Judicial passivism 

Judicial passivism

Justice, not cuddling, is what's expected from the federal judiciary — equal justice. Judges in the Western District of Arkansas seem confused on this point.

Judge Harry Barnes is being sweet to a couple of hate-crimers convicted in his court at Texarkana. When Barnes refused to order prison time for the offenders, prosecutors turned to the Eighth Circuit Court of Appeals in St. Louis. The Appeals Court said Barnes had indeed been too lenient in sentencing the two men, James Bradley Weems and Christopher Mitchell, to only a month in prison, five months of home detention and two years of supervised release for burning a cross in front of the home of a mixed-race couple. Ordered to stiffen the penalty, Barnes merely added a $2,000 fine and six more months of house arrest.

At the resentencing, Barnes assured Weems and Mitchell that while they'd behaved stupidly, “You're not bad men. I've literally had letter after letter in support of you both.”

No doubt the judge received letters. That people who commit hate crimes can still be the subject of complimentary letters from neighbors is part of the reason we put hate-crime laws on the books. We'd imagine that a mixed-race couple in Fouke, Ark., couldn't generate as many letters on their side. But matters involving the soul of America cannot be left up to people who may very well share the views that drove the defendants to act. Juries must decide. Judges are supposed to help.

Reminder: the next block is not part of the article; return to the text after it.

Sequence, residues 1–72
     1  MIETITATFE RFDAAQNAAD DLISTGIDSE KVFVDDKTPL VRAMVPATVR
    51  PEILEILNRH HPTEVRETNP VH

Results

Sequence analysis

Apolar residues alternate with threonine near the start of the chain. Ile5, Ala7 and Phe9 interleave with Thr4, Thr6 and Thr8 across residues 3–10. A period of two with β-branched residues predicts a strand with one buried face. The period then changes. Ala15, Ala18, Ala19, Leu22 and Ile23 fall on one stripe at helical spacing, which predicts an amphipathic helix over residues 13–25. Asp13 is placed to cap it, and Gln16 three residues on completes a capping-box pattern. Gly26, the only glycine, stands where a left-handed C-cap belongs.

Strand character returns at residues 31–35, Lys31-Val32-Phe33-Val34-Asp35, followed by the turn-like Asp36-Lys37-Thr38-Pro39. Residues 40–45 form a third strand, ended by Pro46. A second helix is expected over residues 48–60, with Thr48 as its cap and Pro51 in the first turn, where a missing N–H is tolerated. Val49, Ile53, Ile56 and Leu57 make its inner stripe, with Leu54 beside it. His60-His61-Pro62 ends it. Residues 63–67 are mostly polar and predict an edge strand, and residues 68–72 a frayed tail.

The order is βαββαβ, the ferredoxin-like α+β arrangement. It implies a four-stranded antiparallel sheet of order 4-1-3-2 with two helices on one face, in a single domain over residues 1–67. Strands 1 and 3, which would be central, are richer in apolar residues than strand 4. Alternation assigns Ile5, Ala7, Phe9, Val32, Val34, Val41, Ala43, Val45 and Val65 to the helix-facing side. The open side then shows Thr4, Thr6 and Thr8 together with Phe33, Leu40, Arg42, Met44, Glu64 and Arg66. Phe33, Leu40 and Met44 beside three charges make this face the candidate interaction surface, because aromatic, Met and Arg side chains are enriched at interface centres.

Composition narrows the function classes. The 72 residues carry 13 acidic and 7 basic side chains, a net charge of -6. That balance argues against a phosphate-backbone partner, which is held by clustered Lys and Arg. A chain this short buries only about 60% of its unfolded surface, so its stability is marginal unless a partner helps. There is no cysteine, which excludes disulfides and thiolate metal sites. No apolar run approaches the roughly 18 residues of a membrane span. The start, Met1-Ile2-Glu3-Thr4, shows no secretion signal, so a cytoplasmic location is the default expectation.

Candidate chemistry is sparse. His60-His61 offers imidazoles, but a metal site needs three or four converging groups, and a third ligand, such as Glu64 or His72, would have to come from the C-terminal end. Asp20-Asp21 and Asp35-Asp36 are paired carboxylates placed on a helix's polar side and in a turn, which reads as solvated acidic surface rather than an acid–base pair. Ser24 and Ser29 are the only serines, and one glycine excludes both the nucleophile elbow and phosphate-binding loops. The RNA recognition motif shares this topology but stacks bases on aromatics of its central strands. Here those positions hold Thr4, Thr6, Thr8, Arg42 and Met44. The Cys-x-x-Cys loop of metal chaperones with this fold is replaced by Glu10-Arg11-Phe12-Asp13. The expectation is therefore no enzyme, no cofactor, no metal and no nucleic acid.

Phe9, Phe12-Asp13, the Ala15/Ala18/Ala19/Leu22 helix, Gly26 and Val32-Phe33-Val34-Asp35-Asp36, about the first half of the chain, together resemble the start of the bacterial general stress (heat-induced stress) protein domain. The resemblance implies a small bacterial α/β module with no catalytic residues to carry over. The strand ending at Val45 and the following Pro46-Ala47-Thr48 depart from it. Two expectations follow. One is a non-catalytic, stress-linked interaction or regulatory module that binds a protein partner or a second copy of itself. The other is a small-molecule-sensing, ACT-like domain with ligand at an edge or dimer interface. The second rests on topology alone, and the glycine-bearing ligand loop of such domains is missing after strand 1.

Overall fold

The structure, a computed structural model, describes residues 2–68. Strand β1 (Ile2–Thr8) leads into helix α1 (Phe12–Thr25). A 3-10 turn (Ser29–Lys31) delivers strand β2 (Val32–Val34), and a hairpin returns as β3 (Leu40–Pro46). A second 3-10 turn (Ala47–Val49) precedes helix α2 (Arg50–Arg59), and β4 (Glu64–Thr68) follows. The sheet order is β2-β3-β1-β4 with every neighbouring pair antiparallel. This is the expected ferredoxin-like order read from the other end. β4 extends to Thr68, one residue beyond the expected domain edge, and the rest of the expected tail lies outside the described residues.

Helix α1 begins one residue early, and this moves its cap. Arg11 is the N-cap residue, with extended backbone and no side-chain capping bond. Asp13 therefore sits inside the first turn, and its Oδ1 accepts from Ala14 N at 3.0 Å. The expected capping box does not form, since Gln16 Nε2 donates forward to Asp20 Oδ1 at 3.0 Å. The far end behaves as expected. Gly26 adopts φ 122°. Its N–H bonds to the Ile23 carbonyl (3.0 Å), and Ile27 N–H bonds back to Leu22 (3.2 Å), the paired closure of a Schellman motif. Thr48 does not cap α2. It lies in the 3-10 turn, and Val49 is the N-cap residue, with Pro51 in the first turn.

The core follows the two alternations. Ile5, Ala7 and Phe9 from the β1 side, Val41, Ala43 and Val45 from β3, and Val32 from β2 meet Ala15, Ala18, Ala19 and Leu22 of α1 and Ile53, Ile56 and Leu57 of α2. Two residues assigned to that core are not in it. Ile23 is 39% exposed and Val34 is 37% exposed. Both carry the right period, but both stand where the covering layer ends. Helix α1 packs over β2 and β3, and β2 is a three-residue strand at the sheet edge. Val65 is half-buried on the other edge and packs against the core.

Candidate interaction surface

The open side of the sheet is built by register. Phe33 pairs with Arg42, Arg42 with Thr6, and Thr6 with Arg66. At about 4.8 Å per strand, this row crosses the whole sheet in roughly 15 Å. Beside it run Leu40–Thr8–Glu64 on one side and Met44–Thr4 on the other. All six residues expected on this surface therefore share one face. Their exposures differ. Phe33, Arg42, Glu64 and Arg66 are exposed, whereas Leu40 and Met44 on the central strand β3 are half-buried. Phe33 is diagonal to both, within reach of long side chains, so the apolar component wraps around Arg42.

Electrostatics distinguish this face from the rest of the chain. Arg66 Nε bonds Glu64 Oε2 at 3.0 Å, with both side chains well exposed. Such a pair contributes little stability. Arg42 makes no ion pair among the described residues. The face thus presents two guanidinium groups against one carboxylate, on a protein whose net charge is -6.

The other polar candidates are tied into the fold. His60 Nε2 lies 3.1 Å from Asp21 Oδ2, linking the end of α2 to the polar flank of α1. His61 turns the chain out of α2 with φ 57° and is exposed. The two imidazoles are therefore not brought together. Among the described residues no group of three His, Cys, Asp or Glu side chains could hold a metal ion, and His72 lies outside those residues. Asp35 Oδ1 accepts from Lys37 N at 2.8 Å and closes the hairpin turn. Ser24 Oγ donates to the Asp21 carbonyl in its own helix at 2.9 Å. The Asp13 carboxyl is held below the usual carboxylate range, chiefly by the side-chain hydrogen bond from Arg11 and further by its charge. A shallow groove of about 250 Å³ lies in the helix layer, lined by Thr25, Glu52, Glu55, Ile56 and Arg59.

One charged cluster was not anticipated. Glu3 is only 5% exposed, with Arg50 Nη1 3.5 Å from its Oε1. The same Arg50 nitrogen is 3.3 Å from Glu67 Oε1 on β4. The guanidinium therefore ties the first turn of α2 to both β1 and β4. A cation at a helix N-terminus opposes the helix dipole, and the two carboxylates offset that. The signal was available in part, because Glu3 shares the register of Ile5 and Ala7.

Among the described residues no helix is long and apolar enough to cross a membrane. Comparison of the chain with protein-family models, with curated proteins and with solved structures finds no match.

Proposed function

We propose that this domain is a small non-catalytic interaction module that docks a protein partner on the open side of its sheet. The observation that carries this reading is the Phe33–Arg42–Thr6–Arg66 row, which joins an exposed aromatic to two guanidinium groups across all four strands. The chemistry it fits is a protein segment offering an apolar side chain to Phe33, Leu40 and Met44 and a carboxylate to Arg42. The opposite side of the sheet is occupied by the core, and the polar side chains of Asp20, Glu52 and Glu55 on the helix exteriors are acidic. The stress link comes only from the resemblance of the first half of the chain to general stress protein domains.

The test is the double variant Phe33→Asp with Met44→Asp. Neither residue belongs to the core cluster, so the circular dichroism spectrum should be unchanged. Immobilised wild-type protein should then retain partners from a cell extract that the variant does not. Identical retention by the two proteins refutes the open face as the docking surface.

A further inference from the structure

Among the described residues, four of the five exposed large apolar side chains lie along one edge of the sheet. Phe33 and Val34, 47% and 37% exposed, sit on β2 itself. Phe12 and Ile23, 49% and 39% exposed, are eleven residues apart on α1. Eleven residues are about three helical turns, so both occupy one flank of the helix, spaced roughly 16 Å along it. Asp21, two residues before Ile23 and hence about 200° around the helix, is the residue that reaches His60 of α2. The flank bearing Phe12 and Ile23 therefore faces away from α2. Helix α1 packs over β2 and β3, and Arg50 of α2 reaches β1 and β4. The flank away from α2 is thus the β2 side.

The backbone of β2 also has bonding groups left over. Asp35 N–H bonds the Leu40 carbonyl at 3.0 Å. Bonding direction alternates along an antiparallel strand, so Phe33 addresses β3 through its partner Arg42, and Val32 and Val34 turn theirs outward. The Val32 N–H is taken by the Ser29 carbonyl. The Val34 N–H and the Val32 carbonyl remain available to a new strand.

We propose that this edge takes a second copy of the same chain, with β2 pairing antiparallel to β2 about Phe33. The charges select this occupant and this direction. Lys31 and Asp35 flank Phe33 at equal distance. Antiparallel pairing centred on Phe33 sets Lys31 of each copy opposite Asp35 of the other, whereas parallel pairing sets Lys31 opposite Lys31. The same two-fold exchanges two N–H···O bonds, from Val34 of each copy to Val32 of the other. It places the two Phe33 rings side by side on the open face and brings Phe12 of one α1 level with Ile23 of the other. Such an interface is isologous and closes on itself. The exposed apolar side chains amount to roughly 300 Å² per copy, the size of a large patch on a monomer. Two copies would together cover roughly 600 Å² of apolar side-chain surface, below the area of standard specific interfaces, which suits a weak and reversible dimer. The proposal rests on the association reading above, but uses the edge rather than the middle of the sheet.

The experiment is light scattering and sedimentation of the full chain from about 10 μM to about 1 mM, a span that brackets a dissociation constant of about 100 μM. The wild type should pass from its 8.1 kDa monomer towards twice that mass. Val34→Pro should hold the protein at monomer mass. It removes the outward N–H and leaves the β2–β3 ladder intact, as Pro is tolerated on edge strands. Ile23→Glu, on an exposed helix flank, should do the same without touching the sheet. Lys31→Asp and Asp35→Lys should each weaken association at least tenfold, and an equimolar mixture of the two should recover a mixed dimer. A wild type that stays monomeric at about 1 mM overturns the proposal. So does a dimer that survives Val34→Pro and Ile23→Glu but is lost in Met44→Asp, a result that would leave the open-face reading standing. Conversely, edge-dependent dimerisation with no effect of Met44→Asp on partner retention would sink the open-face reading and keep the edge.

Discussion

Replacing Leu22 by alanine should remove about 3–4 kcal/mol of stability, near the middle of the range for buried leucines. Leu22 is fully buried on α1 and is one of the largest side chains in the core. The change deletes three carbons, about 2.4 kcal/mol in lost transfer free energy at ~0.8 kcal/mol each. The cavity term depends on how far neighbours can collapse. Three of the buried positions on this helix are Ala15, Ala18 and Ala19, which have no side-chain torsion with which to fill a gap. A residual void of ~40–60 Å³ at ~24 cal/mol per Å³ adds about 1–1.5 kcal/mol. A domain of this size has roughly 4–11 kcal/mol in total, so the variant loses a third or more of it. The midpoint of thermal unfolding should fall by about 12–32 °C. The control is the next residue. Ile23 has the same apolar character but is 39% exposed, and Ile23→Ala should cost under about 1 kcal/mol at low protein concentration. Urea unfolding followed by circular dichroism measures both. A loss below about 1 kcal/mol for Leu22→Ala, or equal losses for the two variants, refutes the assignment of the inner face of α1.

Up in Northwest Arkansas, Judge Robert Dawson looks out for Tom Coughlin, a rich thief. Though Coughlin stole half a million dollars from Wal-Mart, Dawson has twice refused to send him to prison. People go every day for stealing less.


Mission accomplished

Foreign policy has not been a strong point of the Bush administration — nor domestic policy, to be frank — but the president's recent trip to Germany could well be judged a diplomatic success, considering. During an earlier meeting with German Chancellor Angela Merkel, Bush launched a surprise attack on her person, laying on from behind without even claiming that she possessed destructive weapons. Evidently he believed the leader of the Free World was entitled to certain privileges regarding allies, especially those headed by women. Merkel, on the other hand, was visibly shaken. Other than Americans, no one more desired a speedy end to the Bush administration.

Yet their latest conference proceeded without incident. Forewarned and forearmed, Merkel kept a safe distance from the American president. A subdued Bush kept his hands to himself. (Thank you, Condoleezza!) Germany and America remain friends. It is always better to be friends with Germany.



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